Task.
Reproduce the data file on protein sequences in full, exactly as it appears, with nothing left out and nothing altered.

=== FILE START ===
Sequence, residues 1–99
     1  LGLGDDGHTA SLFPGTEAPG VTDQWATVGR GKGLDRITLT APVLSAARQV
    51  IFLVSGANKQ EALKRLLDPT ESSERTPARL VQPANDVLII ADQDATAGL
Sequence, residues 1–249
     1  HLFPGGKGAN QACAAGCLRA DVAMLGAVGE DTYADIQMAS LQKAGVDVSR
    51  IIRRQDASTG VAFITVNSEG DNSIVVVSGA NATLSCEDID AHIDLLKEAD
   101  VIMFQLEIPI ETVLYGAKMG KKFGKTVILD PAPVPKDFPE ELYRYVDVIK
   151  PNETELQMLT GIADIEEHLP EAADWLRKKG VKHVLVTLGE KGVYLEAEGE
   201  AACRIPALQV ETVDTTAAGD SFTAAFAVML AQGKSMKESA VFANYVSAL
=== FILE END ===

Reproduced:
Sequence, residues 1–99
     1  LGLGDDGHTA SLFPGTEAPG VTDQWATVGR GKGLDRITLT APVLSAARQV
    51  IFLVSGANKQ EALKRLLDPT ESSERTPARL VQPANDVLII ADQDATAGL
Sequence, residues 1–249
     1  HLFPGGKGAN QACAAGCLRA DVAMLGAVGE DTYADIQMAS LQKAGVDVSR
    51  IIRRQDASTG VAFITVNSEG DNSIVVVSGA NATLSCEDID AHIDLLKEAD
   101  VIMFQLEIPI ETVLYGAKMG KKFGKTVILD PAPVPKDFPE ELYRYVDVIK
   151  PNETELQMLT GIADIEEHLP EAADWLRKKG VKHVLVTLGE KGVYLEAEGE
   201  AACRIPALQV ETVDTTAAGD SFTAAFAVML AQGKSMKESA VFANYVSAL